skip to main content

Student team wins first place for proposal to use holograms to improve visualization of aneurysms

From left: Michelle Fultz, John Brabender, Alex Fabrizio, and Zachary Kemp won first place in the recent Health Care AppJam.

Zachary Kemp, Neuroscience senior student, member of the team that wins first place for proposal to use holograms to improve visualization of aneurysms.

Doctors currently look at blood flow in the body and examine abnormalities, such as aneurysms, through a 3-D, X-ray-based imaging technique.

Now, a Virginia Tech student team has proposed combining the existing technology of rotational angiographs with holographic technology to expand the visualization experience for physicians, patients, researchers, and students.

Being able to interact with holograms of parts of the body in the physical space around the viewer would be “extremely valuable,” the students noted, especially when studying abnormalities that are hard to see, due to their small size.

The team comprises John Brabender, of Leesburg, Virginia, a bioengineering senior; Alex Fabrizio, of Lynchburg, Virginia, an accounting and finance senior; Michelle Fultz, of Staunton, Virginia, a management senior; and Zachary Kemp, of Roanoke, Virginia, a neuroscience senior.

The team’s proposal for an app that would integrate use of the Microsoft HoloLens with rotational angiography won first place in the recent “Health Care AppJam,” sponsored by Avanade and Virginia Tech.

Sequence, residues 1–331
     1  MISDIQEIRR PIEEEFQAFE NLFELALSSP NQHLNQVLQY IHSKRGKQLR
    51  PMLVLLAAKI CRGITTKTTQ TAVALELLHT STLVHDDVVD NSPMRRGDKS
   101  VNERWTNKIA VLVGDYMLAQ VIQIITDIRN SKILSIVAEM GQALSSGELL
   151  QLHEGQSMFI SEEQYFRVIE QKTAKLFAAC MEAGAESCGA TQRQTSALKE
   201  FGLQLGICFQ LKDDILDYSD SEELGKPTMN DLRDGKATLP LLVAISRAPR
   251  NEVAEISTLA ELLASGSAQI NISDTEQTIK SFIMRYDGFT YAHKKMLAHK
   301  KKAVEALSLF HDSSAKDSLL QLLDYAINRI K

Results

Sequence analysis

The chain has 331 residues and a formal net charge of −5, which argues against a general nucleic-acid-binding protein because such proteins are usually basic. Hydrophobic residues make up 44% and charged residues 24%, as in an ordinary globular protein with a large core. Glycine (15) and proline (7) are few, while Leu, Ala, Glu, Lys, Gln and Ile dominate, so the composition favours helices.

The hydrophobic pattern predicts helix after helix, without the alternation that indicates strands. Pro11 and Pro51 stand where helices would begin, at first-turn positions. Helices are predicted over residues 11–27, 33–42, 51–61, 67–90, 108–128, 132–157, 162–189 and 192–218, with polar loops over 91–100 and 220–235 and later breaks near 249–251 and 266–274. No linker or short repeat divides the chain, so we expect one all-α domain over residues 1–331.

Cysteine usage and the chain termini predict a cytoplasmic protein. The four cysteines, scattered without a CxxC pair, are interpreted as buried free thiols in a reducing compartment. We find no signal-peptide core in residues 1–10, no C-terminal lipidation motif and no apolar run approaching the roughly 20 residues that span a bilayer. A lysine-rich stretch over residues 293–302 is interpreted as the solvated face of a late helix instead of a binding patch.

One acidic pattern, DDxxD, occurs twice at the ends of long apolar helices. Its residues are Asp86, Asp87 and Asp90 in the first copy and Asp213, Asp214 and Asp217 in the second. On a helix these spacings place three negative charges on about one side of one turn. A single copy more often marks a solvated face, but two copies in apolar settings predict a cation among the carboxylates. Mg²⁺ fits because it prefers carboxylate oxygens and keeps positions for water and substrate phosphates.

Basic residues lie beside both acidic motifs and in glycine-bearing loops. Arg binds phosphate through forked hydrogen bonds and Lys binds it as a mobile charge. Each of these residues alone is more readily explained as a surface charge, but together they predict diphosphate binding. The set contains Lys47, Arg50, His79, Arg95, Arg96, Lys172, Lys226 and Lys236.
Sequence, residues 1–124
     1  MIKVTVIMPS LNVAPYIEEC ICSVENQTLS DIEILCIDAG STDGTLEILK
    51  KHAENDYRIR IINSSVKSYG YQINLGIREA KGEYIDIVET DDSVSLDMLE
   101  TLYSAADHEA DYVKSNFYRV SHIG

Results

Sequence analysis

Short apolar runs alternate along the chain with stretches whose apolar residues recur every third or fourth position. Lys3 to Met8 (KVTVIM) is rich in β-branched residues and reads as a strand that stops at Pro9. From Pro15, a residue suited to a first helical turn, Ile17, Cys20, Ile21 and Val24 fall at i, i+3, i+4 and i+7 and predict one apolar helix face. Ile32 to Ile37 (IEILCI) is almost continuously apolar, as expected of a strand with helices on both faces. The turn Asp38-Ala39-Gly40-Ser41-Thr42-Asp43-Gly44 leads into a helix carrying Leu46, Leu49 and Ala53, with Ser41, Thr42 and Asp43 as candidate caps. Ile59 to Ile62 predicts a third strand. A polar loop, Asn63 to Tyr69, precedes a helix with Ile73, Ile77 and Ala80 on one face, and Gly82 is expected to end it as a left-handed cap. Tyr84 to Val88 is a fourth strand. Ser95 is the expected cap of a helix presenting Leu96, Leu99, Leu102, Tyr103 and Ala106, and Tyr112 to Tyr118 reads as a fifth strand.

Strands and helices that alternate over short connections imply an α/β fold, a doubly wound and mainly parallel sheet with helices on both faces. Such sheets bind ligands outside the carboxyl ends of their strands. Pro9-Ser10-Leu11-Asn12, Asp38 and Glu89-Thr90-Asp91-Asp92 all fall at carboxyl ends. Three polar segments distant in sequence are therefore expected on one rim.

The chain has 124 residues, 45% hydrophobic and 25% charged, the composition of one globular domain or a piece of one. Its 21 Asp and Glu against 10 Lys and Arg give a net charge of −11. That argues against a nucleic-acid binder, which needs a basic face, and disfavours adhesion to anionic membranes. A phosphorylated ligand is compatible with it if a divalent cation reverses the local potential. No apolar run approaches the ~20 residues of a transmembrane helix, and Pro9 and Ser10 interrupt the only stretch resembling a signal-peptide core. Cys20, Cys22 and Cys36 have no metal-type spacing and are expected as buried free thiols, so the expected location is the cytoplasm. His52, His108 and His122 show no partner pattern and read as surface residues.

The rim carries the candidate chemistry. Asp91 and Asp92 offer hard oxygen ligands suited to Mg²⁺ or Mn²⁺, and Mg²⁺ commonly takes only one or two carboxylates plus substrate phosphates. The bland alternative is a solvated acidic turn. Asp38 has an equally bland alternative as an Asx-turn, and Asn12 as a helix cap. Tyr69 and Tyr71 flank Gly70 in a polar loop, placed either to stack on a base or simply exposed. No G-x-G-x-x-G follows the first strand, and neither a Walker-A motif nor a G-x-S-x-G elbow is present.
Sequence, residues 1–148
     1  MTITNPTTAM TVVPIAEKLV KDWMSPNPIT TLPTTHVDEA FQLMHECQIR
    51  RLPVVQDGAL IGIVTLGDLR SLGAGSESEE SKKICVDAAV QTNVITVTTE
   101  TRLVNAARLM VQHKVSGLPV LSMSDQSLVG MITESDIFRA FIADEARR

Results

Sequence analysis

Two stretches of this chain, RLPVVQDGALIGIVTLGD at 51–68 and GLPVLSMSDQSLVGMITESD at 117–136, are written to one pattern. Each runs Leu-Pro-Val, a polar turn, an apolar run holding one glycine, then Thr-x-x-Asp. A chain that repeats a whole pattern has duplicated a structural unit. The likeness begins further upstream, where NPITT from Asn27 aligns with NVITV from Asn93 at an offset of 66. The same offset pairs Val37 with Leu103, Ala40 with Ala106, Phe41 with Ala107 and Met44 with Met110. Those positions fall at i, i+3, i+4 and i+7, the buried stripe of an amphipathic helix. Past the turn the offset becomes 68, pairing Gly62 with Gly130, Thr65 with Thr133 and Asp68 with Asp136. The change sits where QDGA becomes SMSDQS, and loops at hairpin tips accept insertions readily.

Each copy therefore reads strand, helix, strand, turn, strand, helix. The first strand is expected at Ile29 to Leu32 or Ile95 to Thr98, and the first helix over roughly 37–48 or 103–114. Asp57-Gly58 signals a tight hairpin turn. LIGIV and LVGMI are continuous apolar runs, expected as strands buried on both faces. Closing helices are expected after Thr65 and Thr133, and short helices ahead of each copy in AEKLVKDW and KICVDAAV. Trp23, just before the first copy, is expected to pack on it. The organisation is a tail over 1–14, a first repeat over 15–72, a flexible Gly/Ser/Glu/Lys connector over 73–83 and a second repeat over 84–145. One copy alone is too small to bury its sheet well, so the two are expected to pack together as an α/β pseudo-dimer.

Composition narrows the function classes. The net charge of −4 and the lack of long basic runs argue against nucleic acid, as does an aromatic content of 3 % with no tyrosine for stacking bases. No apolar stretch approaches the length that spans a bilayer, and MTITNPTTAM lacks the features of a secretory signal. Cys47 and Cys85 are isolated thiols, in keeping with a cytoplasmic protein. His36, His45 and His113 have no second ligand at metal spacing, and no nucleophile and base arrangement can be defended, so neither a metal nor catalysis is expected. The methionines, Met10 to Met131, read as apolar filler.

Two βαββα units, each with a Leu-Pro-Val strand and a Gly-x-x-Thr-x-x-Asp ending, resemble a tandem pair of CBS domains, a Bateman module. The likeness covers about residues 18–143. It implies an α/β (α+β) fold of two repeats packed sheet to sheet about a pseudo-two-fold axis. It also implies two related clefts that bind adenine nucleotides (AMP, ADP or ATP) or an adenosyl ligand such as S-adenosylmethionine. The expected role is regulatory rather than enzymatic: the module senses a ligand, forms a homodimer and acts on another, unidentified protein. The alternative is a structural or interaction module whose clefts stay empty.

Aneurysms — balloon-like bulges caused by weakening of the artery wall — affect about 6 million people in the United States, 30,000 of whom experience a rupture each year, according to the students’ report.

Though 60 percent of those with a rupture survive, only 34 percent of them do not suffer “a permanent neurological deficit.” Preventing rupture is thus a primary goal.

Rotational angiographs — 3-D images built from a series of X-ray images — allow more of the smaller aneurysms to be depicted. Combining such images with holograms of the aneurysms would result in an even larger visualization experience that would allow increased learning about the body’s complex vascular system and more-personalized treatment options, the students’ proposal noted.

“Many patients have little to no medical knowledge, especially regarding complex surgical procedures," the proposal said. "Being able to put on a HoloLens and have your physician walk you through the exact pathway of surgery would be very valuable to patients and their families.”

The students noted that this combined visualization technology could also be used with electrocardiographs, for instance, for visualizing patient vital signs. 

The four students, who named their team “Holla Health,” met through various extracurricular activities. Serving as the group’s unofficial spokesperson, Fultz said she, Fabrizio, and Kemp had competed well together in the Norfolk Southern Case Competition earlier this year.

See more